Posted 18th March 2020 by Liv Sewell
Scientific research is always working at the frontiers of knowledge, but plant genomics technologies have had a dramatic impact on plant science even by our standards. The wide availability of sequencing technologies has been a rare step-change that has unlocked knowledge in a way nobody in the field could have imagined twenty years ago. Knowledge which could make a considerable contribution to food security in the face of changing climates.
Posted 13th March 2020 by Liv Sewell
Advances in breeding techniques for cereal crops will be a focus at the 8th Plant Genomics and Gene Editing Congress: USA. We asked Burleigh Dodds, an agricultural science publisher, to share an extract from one of their recent publications, ‘Advances in breeding techniques for cereal crops’.
Posted 4th March 2020 by Liv Sewell
Marcel Kuntz is a panellist for the panel discussion on the regulatory landscape for plant biotechnology at the 8th Plant Genomics & Gene Editing Congress: Europe. Here he provides us with some background for the discussion.
Posted 2nd March 2020 by Liv Sewell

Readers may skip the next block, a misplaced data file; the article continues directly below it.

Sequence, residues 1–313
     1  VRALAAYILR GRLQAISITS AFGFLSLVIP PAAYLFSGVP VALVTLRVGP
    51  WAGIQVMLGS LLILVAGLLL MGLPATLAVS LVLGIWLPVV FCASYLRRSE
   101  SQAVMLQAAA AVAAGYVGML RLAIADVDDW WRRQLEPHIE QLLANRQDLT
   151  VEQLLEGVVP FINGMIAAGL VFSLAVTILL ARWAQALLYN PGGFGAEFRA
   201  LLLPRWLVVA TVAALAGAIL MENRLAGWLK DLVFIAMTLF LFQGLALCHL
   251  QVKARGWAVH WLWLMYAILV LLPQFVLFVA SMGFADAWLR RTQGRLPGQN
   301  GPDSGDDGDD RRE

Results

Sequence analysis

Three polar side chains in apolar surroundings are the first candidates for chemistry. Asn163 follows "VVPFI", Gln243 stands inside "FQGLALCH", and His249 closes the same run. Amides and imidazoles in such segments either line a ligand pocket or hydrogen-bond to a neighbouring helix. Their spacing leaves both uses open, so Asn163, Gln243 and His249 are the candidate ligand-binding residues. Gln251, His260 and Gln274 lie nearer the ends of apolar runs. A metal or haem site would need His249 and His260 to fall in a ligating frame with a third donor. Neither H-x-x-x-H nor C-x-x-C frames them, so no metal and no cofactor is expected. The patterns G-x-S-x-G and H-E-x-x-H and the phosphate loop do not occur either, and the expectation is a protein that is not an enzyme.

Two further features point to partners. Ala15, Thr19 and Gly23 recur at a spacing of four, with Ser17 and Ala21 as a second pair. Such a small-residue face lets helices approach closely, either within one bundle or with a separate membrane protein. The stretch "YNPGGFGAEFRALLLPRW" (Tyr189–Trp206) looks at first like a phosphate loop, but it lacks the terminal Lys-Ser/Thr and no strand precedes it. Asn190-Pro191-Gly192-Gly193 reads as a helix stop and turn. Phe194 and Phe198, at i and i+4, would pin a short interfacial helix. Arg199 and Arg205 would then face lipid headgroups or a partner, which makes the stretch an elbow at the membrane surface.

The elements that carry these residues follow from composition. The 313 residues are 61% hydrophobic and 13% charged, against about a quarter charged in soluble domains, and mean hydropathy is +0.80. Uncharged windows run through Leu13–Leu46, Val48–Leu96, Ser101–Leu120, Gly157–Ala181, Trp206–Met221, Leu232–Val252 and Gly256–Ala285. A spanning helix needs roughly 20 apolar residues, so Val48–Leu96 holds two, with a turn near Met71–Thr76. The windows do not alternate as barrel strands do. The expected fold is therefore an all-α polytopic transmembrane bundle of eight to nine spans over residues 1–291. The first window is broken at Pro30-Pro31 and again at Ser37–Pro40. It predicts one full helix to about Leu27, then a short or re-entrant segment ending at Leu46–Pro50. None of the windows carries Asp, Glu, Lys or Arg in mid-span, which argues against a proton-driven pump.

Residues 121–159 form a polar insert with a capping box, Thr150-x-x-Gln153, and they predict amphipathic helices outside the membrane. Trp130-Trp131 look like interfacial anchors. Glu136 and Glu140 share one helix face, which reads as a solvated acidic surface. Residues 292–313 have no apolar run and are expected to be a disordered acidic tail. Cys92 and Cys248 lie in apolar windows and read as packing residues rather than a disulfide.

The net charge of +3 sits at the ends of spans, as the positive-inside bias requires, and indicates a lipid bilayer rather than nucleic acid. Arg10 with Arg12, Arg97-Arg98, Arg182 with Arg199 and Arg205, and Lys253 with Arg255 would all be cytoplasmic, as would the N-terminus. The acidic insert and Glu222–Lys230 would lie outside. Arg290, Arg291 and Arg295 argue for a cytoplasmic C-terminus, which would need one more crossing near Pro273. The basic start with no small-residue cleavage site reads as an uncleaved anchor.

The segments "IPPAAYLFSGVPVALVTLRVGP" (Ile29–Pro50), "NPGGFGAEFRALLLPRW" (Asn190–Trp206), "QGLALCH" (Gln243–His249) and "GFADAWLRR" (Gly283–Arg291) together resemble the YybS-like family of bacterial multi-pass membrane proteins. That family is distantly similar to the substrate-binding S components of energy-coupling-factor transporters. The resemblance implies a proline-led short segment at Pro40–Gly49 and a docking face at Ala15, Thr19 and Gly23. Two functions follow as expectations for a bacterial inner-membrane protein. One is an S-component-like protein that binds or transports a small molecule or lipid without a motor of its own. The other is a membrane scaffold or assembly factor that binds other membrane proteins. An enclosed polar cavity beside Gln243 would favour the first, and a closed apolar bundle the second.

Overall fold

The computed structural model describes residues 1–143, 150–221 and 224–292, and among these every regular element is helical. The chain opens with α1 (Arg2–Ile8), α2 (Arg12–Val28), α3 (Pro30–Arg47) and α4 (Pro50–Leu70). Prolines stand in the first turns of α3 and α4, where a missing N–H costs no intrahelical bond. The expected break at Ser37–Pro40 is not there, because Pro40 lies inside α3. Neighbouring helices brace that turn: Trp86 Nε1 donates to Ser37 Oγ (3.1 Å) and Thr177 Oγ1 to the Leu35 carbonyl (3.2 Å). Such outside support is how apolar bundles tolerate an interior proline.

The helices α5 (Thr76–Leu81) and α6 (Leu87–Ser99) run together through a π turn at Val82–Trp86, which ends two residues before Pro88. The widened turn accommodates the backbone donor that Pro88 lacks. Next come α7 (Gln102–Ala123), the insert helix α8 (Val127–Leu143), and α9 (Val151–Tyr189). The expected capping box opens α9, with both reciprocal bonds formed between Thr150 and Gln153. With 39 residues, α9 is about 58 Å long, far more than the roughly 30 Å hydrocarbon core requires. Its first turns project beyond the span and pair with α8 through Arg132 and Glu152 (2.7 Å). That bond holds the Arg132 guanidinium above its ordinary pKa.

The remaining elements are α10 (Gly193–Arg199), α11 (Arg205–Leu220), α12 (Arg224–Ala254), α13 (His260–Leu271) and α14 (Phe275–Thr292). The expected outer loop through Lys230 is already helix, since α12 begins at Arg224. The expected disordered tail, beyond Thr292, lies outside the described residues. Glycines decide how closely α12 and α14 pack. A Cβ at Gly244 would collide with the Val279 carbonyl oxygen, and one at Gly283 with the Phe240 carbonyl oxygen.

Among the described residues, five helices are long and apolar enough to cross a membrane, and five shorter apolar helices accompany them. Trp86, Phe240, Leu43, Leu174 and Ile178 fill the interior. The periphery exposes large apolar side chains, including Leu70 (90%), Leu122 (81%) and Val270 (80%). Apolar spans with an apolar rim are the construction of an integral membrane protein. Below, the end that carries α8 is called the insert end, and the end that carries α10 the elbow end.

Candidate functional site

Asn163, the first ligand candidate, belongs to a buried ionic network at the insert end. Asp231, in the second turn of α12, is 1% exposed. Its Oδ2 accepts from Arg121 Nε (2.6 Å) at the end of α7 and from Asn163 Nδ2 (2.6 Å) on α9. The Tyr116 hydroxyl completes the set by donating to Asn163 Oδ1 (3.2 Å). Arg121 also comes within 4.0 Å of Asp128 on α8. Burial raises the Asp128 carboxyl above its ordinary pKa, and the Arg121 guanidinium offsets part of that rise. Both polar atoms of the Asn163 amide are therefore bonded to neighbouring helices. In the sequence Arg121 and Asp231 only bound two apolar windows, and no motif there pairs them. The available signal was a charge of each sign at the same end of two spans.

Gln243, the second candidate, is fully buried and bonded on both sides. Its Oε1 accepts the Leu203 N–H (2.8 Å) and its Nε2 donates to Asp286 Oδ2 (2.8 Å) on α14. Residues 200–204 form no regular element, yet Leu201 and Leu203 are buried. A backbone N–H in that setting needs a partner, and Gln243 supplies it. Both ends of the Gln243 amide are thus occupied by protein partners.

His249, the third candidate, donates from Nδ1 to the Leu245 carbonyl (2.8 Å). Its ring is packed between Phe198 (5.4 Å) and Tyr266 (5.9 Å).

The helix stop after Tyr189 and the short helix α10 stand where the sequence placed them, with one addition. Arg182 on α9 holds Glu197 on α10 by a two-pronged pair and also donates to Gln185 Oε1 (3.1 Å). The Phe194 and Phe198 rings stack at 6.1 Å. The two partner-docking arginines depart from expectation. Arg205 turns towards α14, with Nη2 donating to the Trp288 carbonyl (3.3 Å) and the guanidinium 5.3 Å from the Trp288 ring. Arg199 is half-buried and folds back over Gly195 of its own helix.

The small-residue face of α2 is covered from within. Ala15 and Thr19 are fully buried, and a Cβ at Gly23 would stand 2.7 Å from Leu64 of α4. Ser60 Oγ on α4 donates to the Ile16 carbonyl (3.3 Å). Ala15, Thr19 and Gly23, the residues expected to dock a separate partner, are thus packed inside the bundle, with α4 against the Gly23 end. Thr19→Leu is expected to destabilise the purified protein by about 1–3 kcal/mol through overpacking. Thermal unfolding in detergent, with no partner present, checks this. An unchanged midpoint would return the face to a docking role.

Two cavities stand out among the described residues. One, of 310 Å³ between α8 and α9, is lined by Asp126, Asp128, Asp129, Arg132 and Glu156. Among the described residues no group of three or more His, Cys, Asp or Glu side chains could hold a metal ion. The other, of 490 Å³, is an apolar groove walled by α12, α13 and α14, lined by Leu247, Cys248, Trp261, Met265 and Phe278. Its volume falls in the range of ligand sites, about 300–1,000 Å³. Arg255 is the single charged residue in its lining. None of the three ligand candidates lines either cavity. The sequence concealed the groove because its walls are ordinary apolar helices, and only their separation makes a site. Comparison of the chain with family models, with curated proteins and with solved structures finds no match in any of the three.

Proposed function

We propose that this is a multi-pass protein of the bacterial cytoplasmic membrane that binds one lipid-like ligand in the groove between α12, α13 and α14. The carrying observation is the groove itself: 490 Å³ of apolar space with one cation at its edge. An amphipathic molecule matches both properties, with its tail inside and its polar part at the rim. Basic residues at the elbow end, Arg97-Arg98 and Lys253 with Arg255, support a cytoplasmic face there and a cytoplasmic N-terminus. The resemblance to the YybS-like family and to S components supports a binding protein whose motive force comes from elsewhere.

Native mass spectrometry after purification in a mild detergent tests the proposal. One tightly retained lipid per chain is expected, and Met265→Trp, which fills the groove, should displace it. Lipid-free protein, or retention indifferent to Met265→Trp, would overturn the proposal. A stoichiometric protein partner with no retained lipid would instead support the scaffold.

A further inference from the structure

Interested in systems biology, omics technology, and plant bioinformatics? Catch up with one of our speakers from the 8th Plant Genomics and Gene Editing Congress: Europe, Professor Kristina Gruden…
Posted 25th February 2020 by Joshua Sewell
As we look at the current and future market demands for cannabinoid ingredients, large consumer buyers are focused on purity, consistency and stability of supply. For a host of reasons, cannabinoid suppliers will find it extraordinarily difficult to meet this demand with plant-based production systems.
Posted 24th February 2020 by Liv Sewell
Wheat is the most widely grown crop in the world, providing 20% of the calories and proteins consumed by humankind. More than one fifth of the projected yield is lost every year to disease. Dr Brande Wulff, Group Leader at the John Innes Centre, and speaker at the 8th Plant Genomics and Gene Editing Congress, Europe, is leading research aiming to reduce the proportion of wheat lost to pathogens and increase global food security…
Posted 21st February 2020 by Joshua Sewell
The cannabis industry faces a systemic problem where the legal nomenclature used to distinguish varietals of Cannabis Sativa is known to be unrelated to the genetic identity of the plant.1 Cannabis plants being bought and sold under any specific trade name can be genetically unrelated and may not even have a shared cultivation history.